Much of what we imagine as the technical complexity of hacking or phishing is actually just good social engineering. Scammers recognize that often the easiest path into a system is through people—the users. It isn’t necessary to take elaborate measures to defeat antivirus or firewall systems if a user can be convinced to simply unlock the door and invite the thief in. In previous posts, we’ve talked about the perils of remote support scams which use frightening messages online that encourage consumers to call 800 numbers, or cold calls from individuals claiming to be from Microsoft (Read more about that here: “Microsoft Calling”). But a further troubling development is scammers using personal information to trick users into thinking that a call is from their computer’s manufacturer or from an internet service provider. What does this mean and what steps can you take to thwart these deceptive tactics?

  • What’s In A Name?—In the past, scammers have taken a somewhat random, scattershot approach to targeting their prey, calling arbitrarily selected numbers and hoping that when they say “Your computer is at risk,” the person they are talking to actually has a computer. Recently however, scammers have managed to obtain more identifying information, such as names, email addresses, the make or model of computer, service tags and even past service records. None of these things on their own can be used to defraud someone, but they can be used to attempt to make a phony service call sound more credible. The fact remains that no legitimate company will call you to fix an issue that you have not reported.
  • Warning Signs—Any time someone calls to address a computer problem that you have not reported, you can be certain that they are not legitimate. Other red flags are when individuals claiming to be tech support are aggressive, employing scare tactics or are pressuring you to pay for services. Contact could be initiated through a phone call or email, but their ultimate goal is to get control of your computer and access financial data; or claiming credit for fixing non-existent problems in hopes that they will be paid.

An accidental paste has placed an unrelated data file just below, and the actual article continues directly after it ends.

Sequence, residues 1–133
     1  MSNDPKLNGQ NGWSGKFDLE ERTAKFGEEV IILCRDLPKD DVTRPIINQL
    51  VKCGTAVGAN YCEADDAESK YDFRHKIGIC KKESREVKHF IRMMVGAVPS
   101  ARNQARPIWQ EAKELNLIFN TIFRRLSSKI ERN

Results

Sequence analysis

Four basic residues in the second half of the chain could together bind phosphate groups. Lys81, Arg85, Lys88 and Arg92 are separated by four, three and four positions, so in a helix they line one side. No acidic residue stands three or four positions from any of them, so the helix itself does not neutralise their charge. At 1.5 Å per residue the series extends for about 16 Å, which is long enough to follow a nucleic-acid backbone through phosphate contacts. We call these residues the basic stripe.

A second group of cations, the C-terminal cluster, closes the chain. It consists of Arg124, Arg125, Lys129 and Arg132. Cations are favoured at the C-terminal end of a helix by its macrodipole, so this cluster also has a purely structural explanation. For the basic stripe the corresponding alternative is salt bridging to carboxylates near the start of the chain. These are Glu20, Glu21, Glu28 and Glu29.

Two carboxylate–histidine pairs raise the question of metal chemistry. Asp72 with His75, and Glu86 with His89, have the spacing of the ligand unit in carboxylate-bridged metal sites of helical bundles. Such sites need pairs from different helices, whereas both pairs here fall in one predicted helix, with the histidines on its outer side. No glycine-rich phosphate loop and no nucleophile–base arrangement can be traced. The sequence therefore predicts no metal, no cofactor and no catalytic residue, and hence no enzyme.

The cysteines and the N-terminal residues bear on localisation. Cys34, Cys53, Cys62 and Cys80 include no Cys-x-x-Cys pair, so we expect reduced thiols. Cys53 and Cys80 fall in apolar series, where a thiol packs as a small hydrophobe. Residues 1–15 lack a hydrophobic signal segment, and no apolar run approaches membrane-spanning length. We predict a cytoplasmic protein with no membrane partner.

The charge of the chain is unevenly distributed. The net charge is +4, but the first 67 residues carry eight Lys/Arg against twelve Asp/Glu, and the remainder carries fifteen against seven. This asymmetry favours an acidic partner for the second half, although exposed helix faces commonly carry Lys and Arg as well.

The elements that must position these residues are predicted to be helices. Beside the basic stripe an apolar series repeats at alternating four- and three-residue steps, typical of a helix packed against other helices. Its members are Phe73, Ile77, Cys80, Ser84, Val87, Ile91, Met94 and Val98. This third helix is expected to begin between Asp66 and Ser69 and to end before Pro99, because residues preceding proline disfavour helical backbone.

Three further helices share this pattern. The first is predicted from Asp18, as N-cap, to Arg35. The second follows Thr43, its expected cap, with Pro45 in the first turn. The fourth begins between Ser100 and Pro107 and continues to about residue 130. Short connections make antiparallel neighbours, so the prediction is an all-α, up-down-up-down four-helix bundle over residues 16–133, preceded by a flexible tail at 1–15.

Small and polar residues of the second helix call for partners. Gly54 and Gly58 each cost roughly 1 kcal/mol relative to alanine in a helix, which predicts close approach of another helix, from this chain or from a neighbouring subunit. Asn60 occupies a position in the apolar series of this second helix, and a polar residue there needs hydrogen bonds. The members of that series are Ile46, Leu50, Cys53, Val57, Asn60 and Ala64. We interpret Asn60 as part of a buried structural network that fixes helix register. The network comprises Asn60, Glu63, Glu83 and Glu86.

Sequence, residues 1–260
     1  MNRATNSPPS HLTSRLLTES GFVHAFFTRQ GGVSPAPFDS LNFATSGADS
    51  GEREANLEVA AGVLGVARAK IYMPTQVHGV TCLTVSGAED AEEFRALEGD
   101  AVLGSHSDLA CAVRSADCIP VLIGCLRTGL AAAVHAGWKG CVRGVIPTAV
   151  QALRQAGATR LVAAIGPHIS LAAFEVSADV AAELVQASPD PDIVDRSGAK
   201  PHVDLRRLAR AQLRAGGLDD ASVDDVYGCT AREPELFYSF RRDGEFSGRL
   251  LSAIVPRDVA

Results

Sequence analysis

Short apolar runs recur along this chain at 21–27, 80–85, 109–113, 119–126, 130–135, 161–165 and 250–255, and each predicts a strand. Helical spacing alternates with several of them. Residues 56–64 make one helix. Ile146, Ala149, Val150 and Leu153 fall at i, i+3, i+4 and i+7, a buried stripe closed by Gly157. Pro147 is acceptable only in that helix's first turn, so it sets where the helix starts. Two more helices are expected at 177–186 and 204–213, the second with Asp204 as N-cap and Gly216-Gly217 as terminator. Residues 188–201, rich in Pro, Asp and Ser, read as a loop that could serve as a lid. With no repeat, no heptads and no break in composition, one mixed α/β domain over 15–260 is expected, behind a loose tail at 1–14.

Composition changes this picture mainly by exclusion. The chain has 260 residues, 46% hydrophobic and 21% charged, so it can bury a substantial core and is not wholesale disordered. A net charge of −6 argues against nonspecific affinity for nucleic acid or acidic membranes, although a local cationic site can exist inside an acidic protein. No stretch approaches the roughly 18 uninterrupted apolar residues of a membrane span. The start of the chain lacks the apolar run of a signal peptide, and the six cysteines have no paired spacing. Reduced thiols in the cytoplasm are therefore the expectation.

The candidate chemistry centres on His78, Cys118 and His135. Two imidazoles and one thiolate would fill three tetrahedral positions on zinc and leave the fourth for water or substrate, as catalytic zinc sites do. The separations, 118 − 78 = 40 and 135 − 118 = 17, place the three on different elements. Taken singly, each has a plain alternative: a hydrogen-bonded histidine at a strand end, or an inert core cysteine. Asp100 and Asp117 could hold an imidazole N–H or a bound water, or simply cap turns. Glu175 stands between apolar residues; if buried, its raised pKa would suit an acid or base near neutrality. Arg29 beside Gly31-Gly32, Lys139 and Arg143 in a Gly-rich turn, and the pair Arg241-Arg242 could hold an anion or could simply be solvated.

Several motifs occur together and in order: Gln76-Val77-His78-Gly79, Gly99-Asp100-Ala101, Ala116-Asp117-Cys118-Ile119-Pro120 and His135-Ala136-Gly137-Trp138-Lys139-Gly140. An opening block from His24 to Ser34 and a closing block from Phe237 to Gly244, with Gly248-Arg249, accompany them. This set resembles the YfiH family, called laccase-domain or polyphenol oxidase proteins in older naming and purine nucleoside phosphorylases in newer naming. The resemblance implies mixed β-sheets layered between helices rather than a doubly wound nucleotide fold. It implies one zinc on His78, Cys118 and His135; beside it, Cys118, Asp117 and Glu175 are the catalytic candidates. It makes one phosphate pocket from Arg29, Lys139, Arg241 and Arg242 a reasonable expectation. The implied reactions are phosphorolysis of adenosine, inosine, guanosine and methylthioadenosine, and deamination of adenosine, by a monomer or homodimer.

• What You Can Do To Stay Safe—If you are unsure about someone claiming to be from a major company, the best thing you can do is end the call immediately. If you are concerned afterward that you may actually have a problem with your computer (or that Microsoft, Dell, HP, etc. is actually attempting to contact you), go directly to that company’s official website, find the proper way to contact customer support and ask them if they have any record of such an interaction. As a general rule, you should never pay anyone claiming to be from a major company or the government in gift cards, with a wire transfer or prepaid credit cards.

Scammers will always strive to update their means of convincing people to part with their money and lower their defenses—they will use whatever information they can get their hands on to make themselves sound more credible. Remember, even if someone claiming to be from Microsoft or another major company knows your name, or what sort of computer you own, you should still be wary. Dell has provided a helpful guide for staying safe here. Of course, when in doubt, talking to someone you know and trust is a great solution; Mankato Computer Repair is always here to advise you on whether something passes the smell test.